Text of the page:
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Eating all Day in France [split from Italy]

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Eating all Day in France [split from Italy]

Das Ubergeek | Jan 19, 2011 02:50 PM

(We split this thread from a question on the Italy board: http://chowhound.chow.com/topics/758532 You can find the question it was a reply to on that thread. The Chowhound Team )

I am not an expert on Italy, so I will confine my remarks to France.

It is not hard to eat all day in France. Like many places in Europe, France is very slowly converting to all-day openings for restaurants (look for signs that say "service continu"). You can get food at almost any hour (not the middle of the night, obviously) in Lyon, Nice and Marseille. The smaller the town, the less likely it is you'll find food at "off" hours (French people eat lunch from 12:00 to 14:00, apéro from about 17:30 to 19:00, and then dinner from 20:00-22:00, a great deal earlier than further south).

You can always get provisions, however, and bakeries remain open all day, though they bake bread first thing in the morning and around 17:00 for the dinner rush. The price of bread is almost fixed throughout France; it should cost 0,90€ (up to 1,15€ in fancier shops) for a standard baguette. France has a fairly lively street food scene; there are, for example, crêpiers plying the Parc de la Tête d'Or in Lyon, and any large park is likely to have a buvette (outdoor bar).

In fact, I would suggest Lyon for your French stop. Not that I don't love Marseille and Nice, but Lyon is the gastronomic capital of France for a reason. While it has a comprehensive (and cheap) métro, you can walk across the city—literally—in thirty or forty minutes of concerted effort. You can take the funiculaire to Fourvière, but the reason to go to Lyon is Presqu'Île, the little spit of land in the centre (2nd arrondissement) between the Saône and the Rhône. It's a place where people are very nice and friendly, and while there are plenty of things to see, it's not like Paris where you may feel cheated if you don't go to the various tourist sites. Lyon is a perfect place to wander and eat and drink.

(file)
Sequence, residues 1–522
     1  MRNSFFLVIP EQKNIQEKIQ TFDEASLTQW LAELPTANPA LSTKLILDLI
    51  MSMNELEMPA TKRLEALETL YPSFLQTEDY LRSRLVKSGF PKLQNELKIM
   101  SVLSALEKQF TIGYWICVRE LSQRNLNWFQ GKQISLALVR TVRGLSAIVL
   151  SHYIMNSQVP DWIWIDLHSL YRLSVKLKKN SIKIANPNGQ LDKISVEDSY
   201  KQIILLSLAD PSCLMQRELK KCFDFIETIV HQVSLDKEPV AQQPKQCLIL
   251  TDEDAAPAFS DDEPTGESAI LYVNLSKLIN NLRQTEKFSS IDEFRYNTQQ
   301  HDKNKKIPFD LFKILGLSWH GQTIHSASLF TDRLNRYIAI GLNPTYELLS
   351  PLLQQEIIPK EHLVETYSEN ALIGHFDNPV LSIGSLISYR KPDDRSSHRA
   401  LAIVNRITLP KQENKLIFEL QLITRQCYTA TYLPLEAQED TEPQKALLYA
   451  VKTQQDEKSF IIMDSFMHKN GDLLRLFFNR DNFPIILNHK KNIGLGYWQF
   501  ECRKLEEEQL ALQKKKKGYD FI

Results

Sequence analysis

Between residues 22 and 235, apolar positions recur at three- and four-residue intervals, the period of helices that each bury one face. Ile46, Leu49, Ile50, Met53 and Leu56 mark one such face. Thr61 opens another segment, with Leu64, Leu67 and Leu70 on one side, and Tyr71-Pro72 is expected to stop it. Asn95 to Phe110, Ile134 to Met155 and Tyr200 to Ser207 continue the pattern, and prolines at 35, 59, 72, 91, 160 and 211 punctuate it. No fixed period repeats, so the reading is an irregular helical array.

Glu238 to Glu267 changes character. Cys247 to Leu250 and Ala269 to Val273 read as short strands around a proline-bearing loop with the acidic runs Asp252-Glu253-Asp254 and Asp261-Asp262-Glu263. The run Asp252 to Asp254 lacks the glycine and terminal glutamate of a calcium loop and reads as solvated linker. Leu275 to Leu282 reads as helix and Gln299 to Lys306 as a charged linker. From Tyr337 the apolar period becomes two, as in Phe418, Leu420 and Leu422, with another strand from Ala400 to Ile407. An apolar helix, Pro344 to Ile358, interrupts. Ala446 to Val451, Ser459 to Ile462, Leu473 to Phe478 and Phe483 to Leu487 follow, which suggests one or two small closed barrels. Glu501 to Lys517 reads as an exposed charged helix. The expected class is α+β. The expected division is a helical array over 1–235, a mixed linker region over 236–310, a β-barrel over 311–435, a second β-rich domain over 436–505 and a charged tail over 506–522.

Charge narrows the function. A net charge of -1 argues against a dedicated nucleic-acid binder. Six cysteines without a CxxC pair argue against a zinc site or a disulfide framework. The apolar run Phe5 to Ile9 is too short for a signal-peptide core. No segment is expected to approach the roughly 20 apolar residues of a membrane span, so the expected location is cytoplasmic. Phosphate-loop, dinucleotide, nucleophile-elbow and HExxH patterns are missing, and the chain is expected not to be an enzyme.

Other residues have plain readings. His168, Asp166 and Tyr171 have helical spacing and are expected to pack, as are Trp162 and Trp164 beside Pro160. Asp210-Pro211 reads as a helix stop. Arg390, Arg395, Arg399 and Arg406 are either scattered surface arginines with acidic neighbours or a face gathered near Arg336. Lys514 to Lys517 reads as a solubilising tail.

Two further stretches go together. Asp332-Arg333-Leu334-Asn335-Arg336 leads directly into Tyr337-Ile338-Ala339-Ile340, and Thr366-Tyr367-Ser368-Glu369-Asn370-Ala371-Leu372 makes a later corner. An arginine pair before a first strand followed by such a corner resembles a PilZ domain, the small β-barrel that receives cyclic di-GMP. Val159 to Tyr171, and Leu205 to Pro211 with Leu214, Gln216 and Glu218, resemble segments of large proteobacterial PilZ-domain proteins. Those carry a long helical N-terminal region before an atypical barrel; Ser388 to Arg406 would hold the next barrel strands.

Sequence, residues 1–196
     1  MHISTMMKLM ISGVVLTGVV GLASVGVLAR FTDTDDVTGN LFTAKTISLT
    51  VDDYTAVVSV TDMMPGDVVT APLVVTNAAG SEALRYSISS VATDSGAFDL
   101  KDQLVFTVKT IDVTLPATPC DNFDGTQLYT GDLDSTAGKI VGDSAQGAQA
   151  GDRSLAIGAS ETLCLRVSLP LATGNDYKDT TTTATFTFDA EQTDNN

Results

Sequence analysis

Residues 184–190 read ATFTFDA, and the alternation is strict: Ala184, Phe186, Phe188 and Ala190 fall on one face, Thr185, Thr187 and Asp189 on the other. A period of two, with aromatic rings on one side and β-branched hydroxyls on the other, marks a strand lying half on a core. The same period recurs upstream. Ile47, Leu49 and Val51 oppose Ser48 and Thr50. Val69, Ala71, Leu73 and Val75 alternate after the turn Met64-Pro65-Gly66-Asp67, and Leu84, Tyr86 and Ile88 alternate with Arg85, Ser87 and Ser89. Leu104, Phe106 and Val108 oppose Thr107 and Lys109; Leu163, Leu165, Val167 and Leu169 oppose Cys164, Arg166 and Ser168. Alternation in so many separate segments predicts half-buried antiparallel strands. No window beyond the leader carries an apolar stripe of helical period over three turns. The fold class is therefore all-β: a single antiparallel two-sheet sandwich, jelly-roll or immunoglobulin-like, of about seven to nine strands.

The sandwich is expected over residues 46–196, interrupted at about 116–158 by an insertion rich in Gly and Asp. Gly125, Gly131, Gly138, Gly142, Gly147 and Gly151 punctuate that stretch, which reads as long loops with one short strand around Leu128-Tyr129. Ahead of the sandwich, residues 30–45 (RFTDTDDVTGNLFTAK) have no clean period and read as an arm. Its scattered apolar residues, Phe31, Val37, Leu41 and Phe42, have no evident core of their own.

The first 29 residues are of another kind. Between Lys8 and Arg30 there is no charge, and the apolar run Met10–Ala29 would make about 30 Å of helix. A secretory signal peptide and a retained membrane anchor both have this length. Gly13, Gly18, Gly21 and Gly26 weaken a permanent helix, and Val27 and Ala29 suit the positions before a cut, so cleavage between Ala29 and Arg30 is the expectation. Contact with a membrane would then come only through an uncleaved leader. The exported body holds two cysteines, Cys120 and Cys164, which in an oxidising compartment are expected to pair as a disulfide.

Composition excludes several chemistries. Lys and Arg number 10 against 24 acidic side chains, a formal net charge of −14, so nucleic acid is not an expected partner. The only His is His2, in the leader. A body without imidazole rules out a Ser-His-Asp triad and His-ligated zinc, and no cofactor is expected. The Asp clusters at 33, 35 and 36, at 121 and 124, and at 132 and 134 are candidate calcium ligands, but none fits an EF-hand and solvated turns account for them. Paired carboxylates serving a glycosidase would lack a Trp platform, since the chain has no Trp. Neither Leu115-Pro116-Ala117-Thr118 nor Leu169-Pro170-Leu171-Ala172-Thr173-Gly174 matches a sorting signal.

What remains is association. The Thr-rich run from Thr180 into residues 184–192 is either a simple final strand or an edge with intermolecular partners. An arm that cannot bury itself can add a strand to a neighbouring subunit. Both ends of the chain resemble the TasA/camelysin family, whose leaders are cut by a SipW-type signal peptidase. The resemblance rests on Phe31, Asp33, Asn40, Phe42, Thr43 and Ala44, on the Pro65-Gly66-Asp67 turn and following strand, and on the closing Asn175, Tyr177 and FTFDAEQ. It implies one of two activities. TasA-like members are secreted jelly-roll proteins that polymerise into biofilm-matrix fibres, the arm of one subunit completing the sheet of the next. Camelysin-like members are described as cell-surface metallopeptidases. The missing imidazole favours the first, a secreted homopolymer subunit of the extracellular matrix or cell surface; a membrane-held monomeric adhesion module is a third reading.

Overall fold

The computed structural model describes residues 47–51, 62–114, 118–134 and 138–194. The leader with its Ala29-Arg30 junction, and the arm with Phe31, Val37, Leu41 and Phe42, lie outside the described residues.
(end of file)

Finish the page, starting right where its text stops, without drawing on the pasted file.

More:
There is an outstanding daily outdoor market in the place St.-Antoine, every morning until about noon. Beautiful cheeses (try a St.-Marcellin), fantastic fruits and vegetables (some local, some not, so ask before buying). Amazing bread, and of course no market in Lyon would be complete without sausage. At the upstream (north) end of the market, right on the river Saône, is a café that every Sunday morning has beautiful oysters. You can sit in the sun watching the river go by and dine on a half-dozen or dozen oysters with a Petit Chablis or a Sancerre.

In the evening, before dinnertime, you can stop in at any bar and have a kir (Aligoté and crème de cassis) or kir royale (Champagne and crème de cassis), or maybe stop on a hot day at a bar, sit down and have a snack and a glass of anis.

The nice thing about Lyon is that everyone, from the concierges at the hotels to the dustmen, is a born gastronome. You can stop into a bookstore and ask for a recommendation and the people will give it freely. Just avoid all the "bouchons lyonnais" in the Place St.-Jean; even one street up on the rue du Bœuf will net you better results for all your traditional offal needs. Quenelles de brochet, groins d'âne, tarte aux pralines, and of course heavy-bottomed "pot" after heavy-bottomed "pot" of local wines. Prices for three courses at a real bouchon are typically 19€-30€, depending on what you choose, and a "pot" of wine shouldn't be more than a few euros on top.

I may be in the minority, but Dijon is not the best of Burgundy. The historic centre is, sad to say, un piège à touristes—a tourist trap. Sure, the food is quite good, and the scenery is of course beautiful, but it doesn't begin to compare with Lyon in my book, and I wouldn't say it's possible to wander Dijon and just eat and eat and eat and eat the way you can in Lyon. (And yet, on my last trip to Lyon I lost 6 kg in three weeks—despite eating and drinking like a king.)

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